Jesus was a Nazarene because He was from Nazareth, and "That it might be fulfilled which was spoken by the prophets." The name seems to have been given to the followers of Christ by their enemies as a name of aspersion. The early disciples were given the name Christian (Acts 11:26). This is the name that glorifies God (I Peter 4:16). Even after Paul was accused of being a "Ringleader of the sect of the Nazarenes" he tried to persuade Agrippa to become a Christian, not a Nazarene (Acts 26:28). How can we do that which the apostles of the Lord would not do? (Philippians 4:9). I could not, therefore I left the Nazarene Church.

I made my way to the altar, described earlier because this is what I had been told to do. I truly wanted to be saved, expressing this desire, I was told: "Lay it all upon the altar, call on the name of the Lord, keep nothing back, pray through, leave it to God ..." I was only told what they were led to believe by their Church Manual (pg. 30). There was much shouting and loud praying. The preacher and others gathered around me, laying their hands on me, weeping openly and praying for me. After a while, I felt an emotional relief, like nothing I ever felt before. I jumped up and lifting hands toward heaven, shouted: "I'm saved, thank you, Jesus." I began to work diligently, I scheduled recreational events, home prayer meetings, I participated in the Nazarene Young People's Society (N.Y.P.S.). Much later I was baptized.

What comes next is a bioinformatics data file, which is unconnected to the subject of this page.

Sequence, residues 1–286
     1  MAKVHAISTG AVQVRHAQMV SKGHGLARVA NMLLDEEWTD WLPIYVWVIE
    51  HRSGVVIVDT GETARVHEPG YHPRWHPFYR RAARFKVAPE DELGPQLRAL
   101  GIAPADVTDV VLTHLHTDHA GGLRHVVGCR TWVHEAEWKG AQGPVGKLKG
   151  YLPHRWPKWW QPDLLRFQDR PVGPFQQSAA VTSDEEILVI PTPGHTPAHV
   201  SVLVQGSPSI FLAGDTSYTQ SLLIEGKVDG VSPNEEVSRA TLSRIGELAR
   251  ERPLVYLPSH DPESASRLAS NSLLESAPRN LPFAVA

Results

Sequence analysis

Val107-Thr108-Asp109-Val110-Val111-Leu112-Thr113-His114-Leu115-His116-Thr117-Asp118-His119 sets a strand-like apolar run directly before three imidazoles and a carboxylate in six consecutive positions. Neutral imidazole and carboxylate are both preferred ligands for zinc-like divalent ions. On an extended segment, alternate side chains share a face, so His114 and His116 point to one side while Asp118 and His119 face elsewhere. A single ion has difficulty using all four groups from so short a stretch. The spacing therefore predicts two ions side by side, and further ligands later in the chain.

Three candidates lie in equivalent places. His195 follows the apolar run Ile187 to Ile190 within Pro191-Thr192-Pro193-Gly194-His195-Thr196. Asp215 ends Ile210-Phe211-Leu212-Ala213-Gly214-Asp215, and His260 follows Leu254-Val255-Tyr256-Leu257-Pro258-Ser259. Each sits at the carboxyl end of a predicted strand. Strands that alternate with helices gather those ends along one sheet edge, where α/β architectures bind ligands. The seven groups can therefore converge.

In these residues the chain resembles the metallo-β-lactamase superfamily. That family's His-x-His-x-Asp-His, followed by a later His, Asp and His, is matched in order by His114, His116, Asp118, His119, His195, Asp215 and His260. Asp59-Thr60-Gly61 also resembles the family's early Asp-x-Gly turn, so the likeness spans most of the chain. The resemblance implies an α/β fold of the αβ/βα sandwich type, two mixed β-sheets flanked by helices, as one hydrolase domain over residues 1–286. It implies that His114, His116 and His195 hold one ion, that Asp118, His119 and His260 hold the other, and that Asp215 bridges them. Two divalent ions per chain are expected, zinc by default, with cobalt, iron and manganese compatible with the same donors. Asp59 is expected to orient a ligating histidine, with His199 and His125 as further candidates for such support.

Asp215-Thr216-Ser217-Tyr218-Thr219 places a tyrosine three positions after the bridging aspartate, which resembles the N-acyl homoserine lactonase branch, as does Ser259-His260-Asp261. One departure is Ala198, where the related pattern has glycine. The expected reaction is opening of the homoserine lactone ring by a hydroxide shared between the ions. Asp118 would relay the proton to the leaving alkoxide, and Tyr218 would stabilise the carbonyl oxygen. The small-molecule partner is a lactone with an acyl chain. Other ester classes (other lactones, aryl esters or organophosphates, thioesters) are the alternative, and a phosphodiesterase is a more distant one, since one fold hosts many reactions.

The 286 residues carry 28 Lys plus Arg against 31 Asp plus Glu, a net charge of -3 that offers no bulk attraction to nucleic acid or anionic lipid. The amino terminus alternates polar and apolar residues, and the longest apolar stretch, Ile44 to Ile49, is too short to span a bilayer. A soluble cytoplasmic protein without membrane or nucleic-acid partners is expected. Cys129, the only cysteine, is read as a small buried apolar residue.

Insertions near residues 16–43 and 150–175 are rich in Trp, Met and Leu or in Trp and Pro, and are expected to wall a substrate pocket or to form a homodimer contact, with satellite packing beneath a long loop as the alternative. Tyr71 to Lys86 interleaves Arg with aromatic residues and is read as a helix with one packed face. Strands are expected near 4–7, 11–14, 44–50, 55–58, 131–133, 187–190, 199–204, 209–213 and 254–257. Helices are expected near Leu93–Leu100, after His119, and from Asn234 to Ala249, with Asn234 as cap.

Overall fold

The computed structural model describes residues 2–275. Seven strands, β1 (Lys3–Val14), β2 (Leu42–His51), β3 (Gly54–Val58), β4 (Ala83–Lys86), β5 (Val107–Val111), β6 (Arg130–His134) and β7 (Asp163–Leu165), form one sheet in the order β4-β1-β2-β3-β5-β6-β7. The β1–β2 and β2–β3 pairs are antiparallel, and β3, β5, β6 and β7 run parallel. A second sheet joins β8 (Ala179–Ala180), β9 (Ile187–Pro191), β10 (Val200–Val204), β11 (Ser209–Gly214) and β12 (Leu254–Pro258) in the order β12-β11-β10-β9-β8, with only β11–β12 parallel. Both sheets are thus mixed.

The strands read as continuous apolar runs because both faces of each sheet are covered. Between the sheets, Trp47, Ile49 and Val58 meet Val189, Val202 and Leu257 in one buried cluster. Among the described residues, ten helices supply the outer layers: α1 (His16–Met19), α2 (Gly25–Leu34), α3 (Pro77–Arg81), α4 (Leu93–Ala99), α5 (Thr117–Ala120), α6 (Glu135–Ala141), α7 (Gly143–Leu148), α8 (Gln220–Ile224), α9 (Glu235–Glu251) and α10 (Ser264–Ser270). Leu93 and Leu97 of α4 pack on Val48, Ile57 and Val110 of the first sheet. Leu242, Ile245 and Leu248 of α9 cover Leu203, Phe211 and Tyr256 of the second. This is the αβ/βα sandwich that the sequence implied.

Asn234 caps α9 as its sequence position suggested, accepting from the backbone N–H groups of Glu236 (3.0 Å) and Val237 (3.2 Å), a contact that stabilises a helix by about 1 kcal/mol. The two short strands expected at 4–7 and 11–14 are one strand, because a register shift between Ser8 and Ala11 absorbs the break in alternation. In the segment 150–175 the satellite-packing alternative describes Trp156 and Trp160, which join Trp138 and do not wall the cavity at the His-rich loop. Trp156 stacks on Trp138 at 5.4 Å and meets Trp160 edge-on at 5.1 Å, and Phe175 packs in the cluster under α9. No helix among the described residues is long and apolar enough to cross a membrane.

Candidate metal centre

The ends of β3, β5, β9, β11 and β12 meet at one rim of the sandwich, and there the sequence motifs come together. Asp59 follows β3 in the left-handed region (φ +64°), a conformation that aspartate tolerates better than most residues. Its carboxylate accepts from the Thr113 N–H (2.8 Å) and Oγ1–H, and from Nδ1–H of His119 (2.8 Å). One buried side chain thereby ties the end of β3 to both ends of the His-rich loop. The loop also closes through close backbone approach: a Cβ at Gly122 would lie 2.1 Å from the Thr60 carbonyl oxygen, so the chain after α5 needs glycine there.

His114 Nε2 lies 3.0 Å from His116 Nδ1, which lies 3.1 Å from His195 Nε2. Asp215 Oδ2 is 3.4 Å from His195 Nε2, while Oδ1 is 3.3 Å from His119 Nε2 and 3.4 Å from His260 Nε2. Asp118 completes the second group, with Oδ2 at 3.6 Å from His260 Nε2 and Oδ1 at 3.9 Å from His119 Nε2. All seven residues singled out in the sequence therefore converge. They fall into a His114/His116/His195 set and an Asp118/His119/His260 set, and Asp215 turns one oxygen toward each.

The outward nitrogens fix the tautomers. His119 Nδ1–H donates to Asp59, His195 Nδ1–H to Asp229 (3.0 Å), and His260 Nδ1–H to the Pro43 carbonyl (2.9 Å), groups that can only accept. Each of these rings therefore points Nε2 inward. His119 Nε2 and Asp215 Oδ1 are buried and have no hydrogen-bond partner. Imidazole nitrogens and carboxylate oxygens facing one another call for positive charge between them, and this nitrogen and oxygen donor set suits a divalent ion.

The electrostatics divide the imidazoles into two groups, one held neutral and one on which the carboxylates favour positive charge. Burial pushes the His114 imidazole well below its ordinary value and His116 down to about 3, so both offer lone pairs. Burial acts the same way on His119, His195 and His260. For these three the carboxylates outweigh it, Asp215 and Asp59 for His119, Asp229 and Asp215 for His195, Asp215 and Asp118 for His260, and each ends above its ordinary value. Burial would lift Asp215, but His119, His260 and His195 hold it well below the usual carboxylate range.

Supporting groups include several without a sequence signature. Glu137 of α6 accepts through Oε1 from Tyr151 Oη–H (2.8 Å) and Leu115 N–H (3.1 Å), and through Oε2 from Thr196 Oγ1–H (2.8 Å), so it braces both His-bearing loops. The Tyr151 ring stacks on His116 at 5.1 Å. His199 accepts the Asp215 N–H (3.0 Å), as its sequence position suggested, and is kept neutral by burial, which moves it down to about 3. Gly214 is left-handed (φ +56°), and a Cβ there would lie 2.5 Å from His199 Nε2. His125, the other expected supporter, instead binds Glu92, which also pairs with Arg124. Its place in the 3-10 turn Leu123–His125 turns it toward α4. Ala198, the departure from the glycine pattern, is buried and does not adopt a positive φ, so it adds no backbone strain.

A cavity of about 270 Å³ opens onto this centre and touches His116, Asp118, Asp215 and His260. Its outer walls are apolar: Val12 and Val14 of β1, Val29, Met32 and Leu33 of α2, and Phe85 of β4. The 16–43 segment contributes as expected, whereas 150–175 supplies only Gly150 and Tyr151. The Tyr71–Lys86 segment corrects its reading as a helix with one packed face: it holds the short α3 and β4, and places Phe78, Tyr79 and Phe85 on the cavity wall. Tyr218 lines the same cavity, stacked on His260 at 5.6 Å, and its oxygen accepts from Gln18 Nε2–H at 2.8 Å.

After reading through the book of Acts, I went to our "Minister of Music," an ordained preacher and a close personal friend, telling him I wanted to be baptized. The only reason I could give was "Peter said to be." (Acts 2:38). After consulting with the "Pastor" I chose to be immersed. This might surprise those who do not know that the Nazarene Church offers you an option. "We believe that Christian baptism is a sacrament signifying acceptance of the benefits of the atonement of Jesus Christ to be administered to believers ... Baptism being the symbol of the New Testament, young children may be baptized ... Baptism may be administered by sprinkling, pouring, or immersion." (Church Manual, pg. 33).

A greater injustice has not been done to the Lord's plan of salvation than done by the Church of the Nazarene. I do not know what happened to me that Sunday evening, but it did not save me. No one was ever saved by praying through at an altar. Search the New Testament and you will never find the sinner being told to pray for salvation. You will never find salvation coming as a result of shouting, crying or praying. You will never find where the Bible says that baptism is a symbol, or that one is saved at the point of faith.